The harder accomplishment? Not the getting pregnant. The telling my wife’s less-than-supportive parents that we are having a baby. Planning to have a baby. Conceived and lost the baby.
I don’t know what would have been harder: telling them we were about to have a healthy child, or telling them that we lost a baby after our 12 week ultrasound.
Her sister has been in Jamaica for almost 4 months. She is our buffer. For better or worse, she is our ally in this, and has been advocating on our behalf; pushing our names into the conversation, foregrounding our family values via her own beautiful daughters’ closeness with their aunties (especially my wife, who is L’s ‘best friend’). Sister has done the hard, face-to-face work of making us into people, rather than letting us be the hushed secret, awkward lull in the conversation.
After too many smashed hopes and dreams, hurt and regret over life moments with less love and support than we had (betting on a dark horse) hoped for from the overseas family, and a wedding day that left something to be desired in that department, … plane tickets changed, dresses bought, hopes raised and ultimately squashed…
we got a huge surprise when, after weeks of wondering whether, if and when, to tell her mother about our miscarriage, we had the conversation. The voice and face on the phone during our facetime conversation was one of support and sadness for our loss. Guided by Y’s questions and segues, we navigated the difficult parts with sighs, gracefully, and even with humour.
I was relieved beyond words to see the mending take place, as Allia was able to lift some of this weight off. To share her loss. To tell her mother how much her absence pained her during this time. My mom was away and throughout the time, at 33 years old, all I wanted was a hug from my mother. Enough to say it out loud, through tears. I cannot imagine, except to watch the love of my life go through it, in front of my eyes, how much this experience is transformed by the fear and foreboding that your pain will not register with the people who love you. That they will witness it coldly, or turn away when you need them most.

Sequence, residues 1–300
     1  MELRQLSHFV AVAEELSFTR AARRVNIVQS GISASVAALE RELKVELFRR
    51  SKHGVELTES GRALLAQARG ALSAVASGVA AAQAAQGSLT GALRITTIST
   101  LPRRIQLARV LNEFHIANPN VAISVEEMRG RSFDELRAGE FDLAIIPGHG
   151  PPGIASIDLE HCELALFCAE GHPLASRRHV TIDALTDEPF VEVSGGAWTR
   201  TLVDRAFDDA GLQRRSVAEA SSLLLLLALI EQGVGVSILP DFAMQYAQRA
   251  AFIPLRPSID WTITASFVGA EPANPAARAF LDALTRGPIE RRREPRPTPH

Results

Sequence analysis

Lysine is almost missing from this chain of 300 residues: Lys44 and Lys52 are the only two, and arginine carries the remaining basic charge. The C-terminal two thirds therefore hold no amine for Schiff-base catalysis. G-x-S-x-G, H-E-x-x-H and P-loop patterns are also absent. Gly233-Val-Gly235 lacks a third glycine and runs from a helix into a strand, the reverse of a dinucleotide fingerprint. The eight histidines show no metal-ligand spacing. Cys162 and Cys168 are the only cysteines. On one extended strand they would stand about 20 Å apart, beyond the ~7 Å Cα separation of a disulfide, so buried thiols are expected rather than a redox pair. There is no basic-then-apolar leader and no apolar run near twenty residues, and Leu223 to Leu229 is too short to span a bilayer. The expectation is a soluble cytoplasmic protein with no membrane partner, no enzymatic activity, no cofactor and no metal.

This did not happen. Daughters need their mothers, if that is who their heart is craving. Hearts need whoever taught them to beat. Whoever that was.
Moving forward, I feel more hopeful, that having experienced sadness, we might now look forward to sharing that joy in the next iteration of this journey. Now my clenched fists, clammed up heart and protective shell might soften … a little. Because I am a softy. Few people know this. I put up a good front. A walled kingdom, me against a whole country, an attitude, a feeling of being unwelcome. A front; the sign that says ‘this doesn’t affect me.’ but voicelessness does affect us; it erases us, undercuts us, makes us feel powerless. And the worst is the feeling that I can’t make this better for the person who matters most to me. I can’t rhetoric away years of culture, bias and conditioning. All my best tools, the ones that have served me before, are useless here. Because family hears family. I am on the outside.
It seems like a lousy solution. This false front. The wall is subtle protection against something close, closer, to home. Ineffective. When all we really wanted was to be embraced, for real. To share and be seen, human, in our suffering. You can’t see someone behind a wall. So it had to come down, even if it meant risking pie in the face, or stones thrown at from glass houses. Or any other metaphor that might fit. Down is the only way. Humbly.
So that now we can look back. Level. Square. And project hope forward.